Funny Save a Turkey Vegetarian Thanksgiving Shirt
Thanksgiving has a special place in my heart, because I chose the day after Thanksgiving to become a vegetarian, way back in 1983. I liked turkey, mashed potatoes, gravy, and stuffing, and I wanted to eat that one more time before giving it all up.
Every year, more and more families are faced with the question of what to serve a vegetarian for Thanksgiving. Turkey is obviously out–but a slab of tofu or can of beans won’t exactly cut it, will it?
The good news is, other than the turkey, vegetarians have a lot to eat. All the side dishes are usually vegetarian, unless they are made with bacon, for example.
Vegetarian Friendly Thanksgiving Dishes
- Mashed Potatoes
- Stuffing (made without giblets or meat-based stock)
- Cranberry Sauce
- Gravy (made without giblets, pan drippings, or meat-based stock)
- Brussel Sprouts
- Green Bean Casserole (made without bacon)
- Sweet Potatoes or Yams
- Pumpkin Pie
Here is a vegan pumpkin pie recipe that I’ve used for years. It uses nondairy milk and cornstarch as thickener. It sets up better if chilled.
Watch Out for These Ingredients
Gelatin (in some pies, especially chiffon pies)
Marshmallows (contain gelatin, an animal product)
Some vegetarians are more easy-going than others. Some will be willing to pick bacon out of a green bean casserole and still eat it, while others won’t touch anything that has had any animal products in it.
So what’s a vegetarian to do?
It makes sense to call your hosts ahead of time and tell them you’re a vegetarian. It takes some guts, because there are often long-standing traditions involved in family get-togethers, and Grandma may not be willing to change her potato salad recipe and take out the canned tuna.
But often you will find that people don’t WANT you to go hungry. Instead, they just may not know what to do, or what to make, or what you eat, or anything!
So it helps to bring along a dish you know you can eat. Whenever I go to a potluck, I take a dish I know I can eat and that I can depend on to be relatively filling, in case there is nothing else, or not much else, I can eat there.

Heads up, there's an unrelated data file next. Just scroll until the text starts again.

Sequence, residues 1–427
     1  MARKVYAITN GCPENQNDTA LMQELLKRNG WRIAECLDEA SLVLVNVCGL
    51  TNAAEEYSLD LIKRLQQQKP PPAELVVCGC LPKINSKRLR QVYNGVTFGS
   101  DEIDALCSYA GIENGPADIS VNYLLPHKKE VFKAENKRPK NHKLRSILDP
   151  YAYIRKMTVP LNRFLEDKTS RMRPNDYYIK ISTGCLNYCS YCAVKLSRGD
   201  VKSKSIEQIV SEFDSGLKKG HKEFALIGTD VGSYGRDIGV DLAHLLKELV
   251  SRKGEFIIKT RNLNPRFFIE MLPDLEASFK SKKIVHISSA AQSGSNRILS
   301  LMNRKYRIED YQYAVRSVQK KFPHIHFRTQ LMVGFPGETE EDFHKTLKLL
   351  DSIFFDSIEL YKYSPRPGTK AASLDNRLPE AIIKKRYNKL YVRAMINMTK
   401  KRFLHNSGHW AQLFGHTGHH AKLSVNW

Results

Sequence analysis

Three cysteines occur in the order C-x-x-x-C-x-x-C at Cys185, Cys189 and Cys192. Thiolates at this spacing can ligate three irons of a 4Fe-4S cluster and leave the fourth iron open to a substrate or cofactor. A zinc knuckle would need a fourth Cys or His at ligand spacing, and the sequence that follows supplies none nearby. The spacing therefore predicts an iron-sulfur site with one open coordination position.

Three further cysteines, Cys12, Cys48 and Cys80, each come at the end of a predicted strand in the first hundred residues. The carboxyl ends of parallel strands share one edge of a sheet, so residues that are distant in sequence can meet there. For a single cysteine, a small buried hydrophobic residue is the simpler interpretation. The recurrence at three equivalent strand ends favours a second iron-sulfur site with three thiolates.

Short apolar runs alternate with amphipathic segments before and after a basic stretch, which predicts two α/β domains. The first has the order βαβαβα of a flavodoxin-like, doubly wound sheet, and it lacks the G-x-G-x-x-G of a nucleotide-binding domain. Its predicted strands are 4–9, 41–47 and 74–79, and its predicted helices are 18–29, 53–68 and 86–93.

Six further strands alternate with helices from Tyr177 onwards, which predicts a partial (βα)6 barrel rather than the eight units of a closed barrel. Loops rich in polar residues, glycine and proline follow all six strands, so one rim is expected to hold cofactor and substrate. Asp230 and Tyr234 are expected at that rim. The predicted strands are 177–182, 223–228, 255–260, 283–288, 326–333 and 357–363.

And that often means the dish should have a fair amount of protein in it. While you may be perfectly happy eating carrot sticks, olives and tortilla chips, it doesn’t pack the same punch as a bean salad might, for example.
Spread the yum
An added benefit of bringing a dish to share is that others can taste your food. And they may discover they like it. And it may help to open some minds.
Very often I let people eat my food without even telling them what’s in it. Because people are much more likely to consider trying soy yogurt, for example, if they taste the Pumpkin Smoothie it’s made with first. Then they say, “Mmm, that’s good! What’s in it?”
And you can tell them it’s got soy yogurt in it. Whereas if you had asked them if they wanted to try some soy yogurt, the odds are they would have scrunched up their nose and ran away to the clam dip as fast as they could.
I’ll do a separate post on what sorts of substitutions you can make to your Thanksgiving dishes to make them vegetarian or vegan. In the meantime, here are some recipes for you:
This Pea Salad can be made either with or without dairy. It got lots of great feedback when it was served to over 200 unsuspecting victims (uh, I mean, guests…)
Or use the idea for these beans and greens and sub some winter greens, such as kale, in place of the broccoli raab. This is also a vegan dish.
These Stuffed Intestines could be formed into shorter logs, or you could simply brush the top with the ketchup instead of making it look so gory, and re-name it stuffed pastry, or something un-Halloween related.
Whatever you decide to do, remember to give thanks for the blessings in your life, including loved ones, a place to call home, and, of course, delicious food!